Oil and gas industry is coming for Colorado's sand dunes

Alana Miller

(CNN) Southern Colorado is home to some of the most stunning landscapes in the country. Where the steep, dark-green slopes of the Sangre de Cristo Mountains hit the valley floor, they are met by towering sand dunes that sprawl across more than 30 square miles. The highest dunes rise more than 700 feet into the air -- about the height of the tallest skyscraper in many American cities. This landscape has been crafted over tens of thousands of years, as winds blowing over the mountains dropped grains of sand, which slowly morphed into the dunes we see today.

Over Memorial Day weekend, I went camping in the Sangre de Cristo Mountains and hiking in Great Sand Dunes National Park. I've traveled a lot and spent a lot of time in different wilderness areas, but I have to say -- this was unlike anything I had ever seen before.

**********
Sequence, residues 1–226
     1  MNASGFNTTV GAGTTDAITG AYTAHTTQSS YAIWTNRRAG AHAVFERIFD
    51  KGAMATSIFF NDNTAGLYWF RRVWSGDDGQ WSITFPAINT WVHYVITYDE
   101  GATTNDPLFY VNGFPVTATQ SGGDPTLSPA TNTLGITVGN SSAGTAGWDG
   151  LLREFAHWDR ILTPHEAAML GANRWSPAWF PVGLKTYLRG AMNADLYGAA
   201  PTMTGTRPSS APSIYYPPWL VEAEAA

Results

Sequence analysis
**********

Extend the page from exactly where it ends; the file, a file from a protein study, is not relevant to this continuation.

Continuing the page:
First recognized and protected by President Herbert Hoover in 1932, the Great Sand Dunes contain the largest dunes in North America. Every year, around 320,000 visitors , many of them children and families, enjoy the park by sandboarding down the dunes, playing in the adjacent creek, hiking or looking for wildlife. According to the park's website , the dunes are home to six species of insects that can be found nowhere else on earth, including the pretty, and appropriately named, Great Sand Dunes Tiger Beetle.

But the area around the Great Sand Dunes -- like many other special places across America -- is now at risk.

The Trump administration has proposed selling mineral rights on properties adjacent to this magnificent place, opening up the area for oil and gas drilling. According to the Denver Post , drilling could be done on land that touches the Sangre de Cristo Wilderness area and within one mile of the Great Sand Dunes National Park and Preserve.


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